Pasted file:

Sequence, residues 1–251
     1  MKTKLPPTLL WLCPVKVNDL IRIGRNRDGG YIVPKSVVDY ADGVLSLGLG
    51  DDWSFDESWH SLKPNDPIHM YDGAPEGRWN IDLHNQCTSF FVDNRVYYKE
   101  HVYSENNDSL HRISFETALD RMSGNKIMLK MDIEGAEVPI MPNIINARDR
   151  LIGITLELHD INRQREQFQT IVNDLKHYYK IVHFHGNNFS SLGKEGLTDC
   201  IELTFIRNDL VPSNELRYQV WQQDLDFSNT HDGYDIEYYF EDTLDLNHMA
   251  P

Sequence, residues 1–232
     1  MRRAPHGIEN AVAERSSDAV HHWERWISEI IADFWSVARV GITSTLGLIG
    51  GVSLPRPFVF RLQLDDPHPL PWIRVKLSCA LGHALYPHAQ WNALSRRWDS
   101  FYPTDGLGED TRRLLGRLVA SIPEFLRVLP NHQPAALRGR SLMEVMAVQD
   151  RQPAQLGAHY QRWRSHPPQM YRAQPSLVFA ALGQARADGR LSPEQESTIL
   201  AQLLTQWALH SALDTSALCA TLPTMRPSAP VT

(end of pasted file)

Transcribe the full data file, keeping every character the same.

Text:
Sequence, residues 1–251
     1  MKTKLPPTLL WLCPVKVNDL IRIGRNRDGG YIVPKSVVDY ADGVLSLGLG
    51  DDWSFDESWH SLKPNDPIHM YDGAPEGRWN IDLHNQCTSF FVDNRVYYKE
   101  HVYSENNDSL HRISFETALD RMSGNKIMLK MDIEGAEVPI MPNIINARDR
   151  LIGITLELHD INRQREQFQT IVNDLKHYYK IVHFHGNNFS SLGKEGLTDC
   201  IELTFIRNDL VPSNELRYQV WQQDLDFSNT HDGYDIEYYF EDTLDLNHMA
   251  P

Sequence, residues 1–232
     1  MRRAPHGIEN AVAERSSDAV HHWERWISEI IADFWSVARV GITSTLGLIG
    51  GVSLPRPFVF RLQLDDPHPL PWIRVKLSCA LGHALYPHAQ WNALSRRWDS
   101  FYPTDGLGED TRRLLGRLVA SIPEFLRVLP NHQPAALRGR SLMEVMAVQD
   151  RQPAQLGAHY QRWRSHPPQM YRAQPSLVFA ALGQARADGR LSPEQESTIL
   201  AQLLTQWALH SALDTSALCA TLPTMRPSAP VT